5. When using a PCMM, the software prompts operators to pick points that will align the physical object to the CAD model. For GD&T definitions, these alignment features are datum references. Once aligned, the software prompts operators to pick points on the part in the sequence determined by the inspection plan.

6. As measurements are taken, the software displays results graphically. Immediate feedback shows the value and deviation from the embedded GD&T tolerance. Thus, operators know immediately if a feature passes or fails inspection. This information is also documented in the pre-formatted inspection report, which eliminates data entry and manual calculations.

Model-based GD&T for inspection
GD&T defines quality requirements, and inspection then confirms these requirements are being met. A MBD implementation requires there is a GD&T representation and that inspection software can import its data from the native CAD software. Or, when intelligent GD&T data is not available, users can add it to the 3D model in the inspection software.

In the MBD approach, 3D GD&T for inspection involves inspecting physical part measurements against a CAD model. This process can be dependent or independent of how or where tolerancing is defined on the CAD model. Consider, for example, inspection software such as Verisurf X from Verisurf Software Inc., Anaheim, Calif. It connects to and controls measuring devices such as scanners and laser trackers as well as stationary and portable coordinate-measuring machines (CMMs). It also accommodates both presentation and intelligent GD&T specs from 3D CAD models. Intelligent GD&T data is imported directly from supported software with the native 3D model and provides nominal dimensions. For presentation annotations, the quality or manufacturing engineer uses Verisurf to add GD&T specifications to the 3D model.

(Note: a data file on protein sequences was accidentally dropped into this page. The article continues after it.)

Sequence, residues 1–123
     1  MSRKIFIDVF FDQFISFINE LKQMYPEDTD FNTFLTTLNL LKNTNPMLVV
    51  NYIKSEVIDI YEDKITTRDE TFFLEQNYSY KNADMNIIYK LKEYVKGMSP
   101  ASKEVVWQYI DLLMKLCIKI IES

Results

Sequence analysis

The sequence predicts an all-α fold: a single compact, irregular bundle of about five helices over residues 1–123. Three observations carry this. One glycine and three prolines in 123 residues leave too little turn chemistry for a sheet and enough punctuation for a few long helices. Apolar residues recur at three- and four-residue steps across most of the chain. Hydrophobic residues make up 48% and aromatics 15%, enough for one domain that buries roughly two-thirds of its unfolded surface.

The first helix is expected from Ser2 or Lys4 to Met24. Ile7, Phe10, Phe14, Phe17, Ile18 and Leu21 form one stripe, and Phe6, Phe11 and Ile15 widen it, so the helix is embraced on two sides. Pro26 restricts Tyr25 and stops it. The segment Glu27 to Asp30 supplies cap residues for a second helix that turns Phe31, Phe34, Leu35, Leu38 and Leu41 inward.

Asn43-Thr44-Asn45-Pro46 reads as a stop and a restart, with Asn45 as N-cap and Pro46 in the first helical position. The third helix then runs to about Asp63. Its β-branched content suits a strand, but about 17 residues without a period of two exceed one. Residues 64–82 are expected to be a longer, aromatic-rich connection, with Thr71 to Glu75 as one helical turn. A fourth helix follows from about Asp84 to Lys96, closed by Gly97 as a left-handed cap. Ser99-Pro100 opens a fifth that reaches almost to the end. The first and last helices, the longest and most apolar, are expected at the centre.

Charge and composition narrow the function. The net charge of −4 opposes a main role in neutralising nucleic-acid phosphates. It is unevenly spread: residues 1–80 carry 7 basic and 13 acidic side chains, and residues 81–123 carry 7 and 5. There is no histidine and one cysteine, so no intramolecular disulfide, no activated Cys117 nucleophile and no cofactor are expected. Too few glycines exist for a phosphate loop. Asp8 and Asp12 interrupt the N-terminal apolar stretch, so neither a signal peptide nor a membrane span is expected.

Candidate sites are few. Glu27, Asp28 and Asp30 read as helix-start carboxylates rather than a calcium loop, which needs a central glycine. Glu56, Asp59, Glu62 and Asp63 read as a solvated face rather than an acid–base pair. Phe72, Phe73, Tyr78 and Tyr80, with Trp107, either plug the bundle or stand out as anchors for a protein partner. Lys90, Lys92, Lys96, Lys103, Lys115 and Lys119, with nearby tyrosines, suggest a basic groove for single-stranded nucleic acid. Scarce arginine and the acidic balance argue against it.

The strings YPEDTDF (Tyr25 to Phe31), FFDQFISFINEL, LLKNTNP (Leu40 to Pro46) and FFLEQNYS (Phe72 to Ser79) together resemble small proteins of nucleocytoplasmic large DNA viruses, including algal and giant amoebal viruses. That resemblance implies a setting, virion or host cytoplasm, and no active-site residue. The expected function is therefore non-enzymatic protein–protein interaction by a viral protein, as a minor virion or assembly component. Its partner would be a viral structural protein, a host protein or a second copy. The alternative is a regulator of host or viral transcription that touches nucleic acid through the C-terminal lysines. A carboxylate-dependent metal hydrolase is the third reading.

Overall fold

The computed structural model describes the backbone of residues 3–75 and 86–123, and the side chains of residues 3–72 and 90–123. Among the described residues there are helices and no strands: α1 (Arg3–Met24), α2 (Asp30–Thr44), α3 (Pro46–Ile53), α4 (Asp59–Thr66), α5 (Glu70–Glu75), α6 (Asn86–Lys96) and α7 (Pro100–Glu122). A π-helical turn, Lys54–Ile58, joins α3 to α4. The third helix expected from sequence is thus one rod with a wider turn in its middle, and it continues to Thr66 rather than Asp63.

Importing information from a native CAD package as a 3D GD&T representation is a good example of MBD at work. The accuracy of the dataset is preserved. The same applies when GD&T display data (presentation) is imported directly (or via STEP translation) and entered into the inspection application. In both scenarios, there is no need to invest in creating or maintaining 2D drawings. Of course, 3D GD&T provides the most automated method.

Closing the loop
MBD with 3D GD&T closes the product-development loop by eliminating ambiguity. In addition, it provides GD&T inspection feedback to manufacturing engineers, who can use the data to determine root cause and either put processes under control or revise dimensioning and tolerance specifications.

A closer look at 3D GD&T

GD&T is used on engineering drawings and computer-generated 3D models to explicitly describe nominal geometry and allowable variations. Dimensioning specs (for example, a basic dimension) define nominal geometry. Tolerancing specs (for example, linear dimensions) define allowable variations for individual features and allowable variations in orientation and location between features.

3D GD&T is defined in ASME Y14.41-2003 and ISO 16792:2006. 3D GD&T symbols include those for form, profile, orientation, location, and runout. Here are a few examples: